The problem with this way of looking at the American Founding (and in particular, the Declaration of Independence as opposed to the Articles of Confederation or the Constitution) is that the appeal to fundamental natural rights — as in all men are created equal — has been the way to run rough shod over all sorts of lesser human authorities and institutions. In the antebellum era, appeals to natural rights could be used against states’ rights in order to assert one national norm and go around the powers of local governments. But this has played out in more extravagant ways in the twentieth century, with the rights of individuals trumping the authority of local school boards, in some cases churches, and community standards. In other words, the appeal to the rights of individuals is hardly conservative. It is the way to liberate individuals from parental, ecclesial, academic, and community authorities. And who benefits from this? Individuals, of course. But also the federal government, the institution capable of bestowing such individual benefits. Pitting individual liberty against governmental regulation is not a conservative argument. In fact, the rise of big government goes hand in hand with the liberation of individuals. The authorities to suffer in all of this power shifting are the mediating structures, those institutions closest to persons which have a much greater stake (than judges in Washington, D.C.) in the well-being of their members.

For this reason, if Bell’s book gains traction among evangelicals it will further direct born-again Protestants from any sustained consideration of genuine American conservatism, the kind that takes seriously not some abstract rights of individuals in some nether world, state of nature, but the real laws and institutional arrangements that informed decisions to form a federated republic under the norms prescribed in a national constitution.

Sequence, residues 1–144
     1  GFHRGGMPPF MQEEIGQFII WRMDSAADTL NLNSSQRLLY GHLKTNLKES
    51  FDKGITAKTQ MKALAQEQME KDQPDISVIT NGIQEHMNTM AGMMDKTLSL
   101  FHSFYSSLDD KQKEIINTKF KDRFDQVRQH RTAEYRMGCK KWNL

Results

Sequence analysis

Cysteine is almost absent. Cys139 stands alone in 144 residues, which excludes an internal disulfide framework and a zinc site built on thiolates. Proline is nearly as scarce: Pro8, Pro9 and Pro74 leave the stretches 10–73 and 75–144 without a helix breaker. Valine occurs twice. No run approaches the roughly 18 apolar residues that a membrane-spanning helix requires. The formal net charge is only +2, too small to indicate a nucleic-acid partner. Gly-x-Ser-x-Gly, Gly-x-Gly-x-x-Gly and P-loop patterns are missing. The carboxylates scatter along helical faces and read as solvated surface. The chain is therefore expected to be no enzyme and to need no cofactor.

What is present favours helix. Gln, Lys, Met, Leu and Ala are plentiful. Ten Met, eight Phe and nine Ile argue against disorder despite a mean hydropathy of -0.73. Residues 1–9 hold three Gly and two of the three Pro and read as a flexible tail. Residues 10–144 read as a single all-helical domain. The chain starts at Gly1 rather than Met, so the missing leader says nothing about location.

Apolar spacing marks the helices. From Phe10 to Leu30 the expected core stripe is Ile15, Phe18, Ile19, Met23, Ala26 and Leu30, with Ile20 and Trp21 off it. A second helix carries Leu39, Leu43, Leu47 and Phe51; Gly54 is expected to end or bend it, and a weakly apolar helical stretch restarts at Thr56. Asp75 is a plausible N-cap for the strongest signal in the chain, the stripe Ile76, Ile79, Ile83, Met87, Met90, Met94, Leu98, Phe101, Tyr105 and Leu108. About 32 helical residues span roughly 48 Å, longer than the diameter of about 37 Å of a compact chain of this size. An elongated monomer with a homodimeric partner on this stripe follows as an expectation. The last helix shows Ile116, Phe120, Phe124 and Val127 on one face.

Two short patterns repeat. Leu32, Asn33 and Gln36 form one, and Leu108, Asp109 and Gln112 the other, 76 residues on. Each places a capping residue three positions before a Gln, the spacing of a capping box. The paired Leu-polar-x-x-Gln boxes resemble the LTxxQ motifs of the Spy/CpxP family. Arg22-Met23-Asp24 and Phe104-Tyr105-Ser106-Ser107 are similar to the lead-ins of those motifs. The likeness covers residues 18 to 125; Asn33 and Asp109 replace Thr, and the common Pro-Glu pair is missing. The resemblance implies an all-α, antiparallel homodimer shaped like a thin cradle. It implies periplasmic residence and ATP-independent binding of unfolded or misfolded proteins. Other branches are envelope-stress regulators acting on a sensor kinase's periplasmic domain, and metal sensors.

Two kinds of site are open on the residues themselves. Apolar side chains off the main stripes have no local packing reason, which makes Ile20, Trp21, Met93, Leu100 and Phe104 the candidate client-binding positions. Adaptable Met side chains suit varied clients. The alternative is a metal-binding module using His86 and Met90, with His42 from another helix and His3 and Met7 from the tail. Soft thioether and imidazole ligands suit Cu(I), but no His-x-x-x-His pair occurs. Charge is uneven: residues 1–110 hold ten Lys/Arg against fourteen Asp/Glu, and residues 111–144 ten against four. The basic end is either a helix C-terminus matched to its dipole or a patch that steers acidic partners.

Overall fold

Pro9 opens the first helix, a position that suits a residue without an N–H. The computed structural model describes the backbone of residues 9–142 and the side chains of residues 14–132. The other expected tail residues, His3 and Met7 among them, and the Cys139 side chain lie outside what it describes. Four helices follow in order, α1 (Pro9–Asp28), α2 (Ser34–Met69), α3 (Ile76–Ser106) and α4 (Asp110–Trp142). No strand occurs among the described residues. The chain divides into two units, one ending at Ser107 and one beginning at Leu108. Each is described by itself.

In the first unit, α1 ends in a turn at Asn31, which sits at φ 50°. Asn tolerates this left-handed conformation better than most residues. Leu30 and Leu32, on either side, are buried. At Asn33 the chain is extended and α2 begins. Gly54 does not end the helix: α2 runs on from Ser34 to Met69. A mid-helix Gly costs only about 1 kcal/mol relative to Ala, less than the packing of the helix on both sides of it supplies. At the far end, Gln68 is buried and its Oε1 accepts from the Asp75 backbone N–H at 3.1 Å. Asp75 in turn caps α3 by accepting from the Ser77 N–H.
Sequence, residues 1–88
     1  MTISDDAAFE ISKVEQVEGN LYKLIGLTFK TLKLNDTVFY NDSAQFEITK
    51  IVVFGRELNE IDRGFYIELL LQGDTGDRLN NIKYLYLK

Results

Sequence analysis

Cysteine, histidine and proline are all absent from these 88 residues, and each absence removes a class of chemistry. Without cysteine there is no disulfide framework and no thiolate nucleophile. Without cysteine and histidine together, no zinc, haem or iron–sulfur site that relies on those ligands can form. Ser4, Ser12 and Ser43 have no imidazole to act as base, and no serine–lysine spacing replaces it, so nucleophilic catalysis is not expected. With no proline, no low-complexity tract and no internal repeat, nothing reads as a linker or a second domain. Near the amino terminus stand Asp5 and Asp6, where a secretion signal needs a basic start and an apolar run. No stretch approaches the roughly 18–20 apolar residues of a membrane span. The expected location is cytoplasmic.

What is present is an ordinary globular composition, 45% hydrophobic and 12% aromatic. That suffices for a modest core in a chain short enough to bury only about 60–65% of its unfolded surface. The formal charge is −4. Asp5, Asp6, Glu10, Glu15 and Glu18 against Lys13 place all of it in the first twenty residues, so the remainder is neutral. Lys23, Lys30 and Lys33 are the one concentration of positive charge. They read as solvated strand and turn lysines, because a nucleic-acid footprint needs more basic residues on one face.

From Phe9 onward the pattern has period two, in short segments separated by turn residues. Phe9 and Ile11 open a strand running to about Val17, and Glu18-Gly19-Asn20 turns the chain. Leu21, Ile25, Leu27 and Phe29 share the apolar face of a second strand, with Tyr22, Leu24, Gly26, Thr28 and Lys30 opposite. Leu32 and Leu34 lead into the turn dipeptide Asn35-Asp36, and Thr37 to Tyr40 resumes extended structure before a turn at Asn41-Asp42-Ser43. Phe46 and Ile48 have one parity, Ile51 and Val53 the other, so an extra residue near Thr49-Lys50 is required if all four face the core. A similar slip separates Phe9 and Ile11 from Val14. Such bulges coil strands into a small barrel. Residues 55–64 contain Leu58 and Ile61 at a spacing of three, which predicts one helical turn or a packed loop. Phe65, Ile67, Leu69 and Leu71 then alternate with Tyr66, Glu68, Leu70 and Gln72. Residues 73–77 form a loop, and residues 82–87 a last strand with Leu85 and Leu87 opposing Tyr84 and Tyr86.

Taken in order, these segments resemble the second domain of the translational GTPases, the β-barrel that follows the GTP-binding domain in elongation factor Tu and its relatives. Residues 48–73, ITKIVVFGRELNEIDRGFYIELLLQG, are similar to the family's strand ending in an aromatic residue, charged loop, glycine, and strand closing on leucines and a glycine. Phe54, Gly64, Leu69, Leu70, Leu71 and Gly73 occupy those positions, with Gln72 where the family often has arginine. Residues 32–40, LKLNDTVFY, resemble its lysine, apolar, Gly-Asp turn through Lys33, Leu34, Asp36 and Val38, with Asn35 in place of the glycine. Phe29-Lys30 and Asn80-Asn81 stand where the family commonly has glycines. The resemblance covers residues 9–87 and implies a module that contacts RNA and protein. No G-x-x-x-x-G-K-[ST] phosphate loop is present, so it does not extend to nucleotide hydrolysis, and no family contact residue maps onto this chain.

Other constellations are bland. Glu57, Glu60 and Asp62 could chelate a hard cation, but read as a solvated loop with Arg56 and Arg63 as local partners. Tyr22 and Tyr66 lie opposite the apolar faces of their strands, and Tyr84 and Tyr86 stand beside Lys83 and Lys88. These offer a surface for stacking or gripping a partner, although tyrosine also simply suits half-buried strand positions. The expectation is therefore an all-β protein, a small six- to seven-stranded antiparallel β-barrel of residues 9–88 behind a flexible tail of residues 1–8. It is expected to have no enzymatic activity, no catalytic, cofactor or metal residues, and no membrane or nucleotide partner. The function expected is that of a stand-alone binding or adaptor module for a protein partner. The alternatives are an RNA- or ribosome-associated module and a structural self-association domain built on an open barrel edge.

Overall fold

This is why it would be much better if evangelicals would turn to writers like Noah Millman, who blogs over at the American Conservative, and understands well the radicalism inherent in appeals to abstract ideals of individual liberty. In a post about the impossibility of religious liberty, he writes:

Winnifred Sullivan’s book argues, in a nutshell, that religious freedom, for individuals, means freedom from religious authority as well as freedom from governmental restriction on religious practice. So, you can’t ask a Catholic prelate whether this or that practice that the law would prohibit (say, putting statues on angels on graves, which is the main example in her book) is actually a formal part of Catholic religious practice, because the prelate has no standing, in a secular court, to rule on the question. If the grieving family feel that it’s an essential that Dad get guarded by a statue of an angel, then that’s their religious practice by definition, and if you want true freedom of religion you have to protect it. But this way, needless to say, lies chaos. Hence the impossibility of religious freedom.

In encourage people to read the book; a one-paragraph summary doesn’t do justice to the argument.

What I’ve argued in the past is that, regardless of where Constitutional doctrine winds up, we should strive to maximize (within reason) the zone of autonomy for religious institutions, because we should view that autonomy as a positive good, not as an absolute “right.” Hegemonic liberalism should be humble enough to accept that it doesn’t know the only ways of knowing, and that there is value, therefore, in having robust voices that claim other modes of knowledge – religious voices being preeminent examples.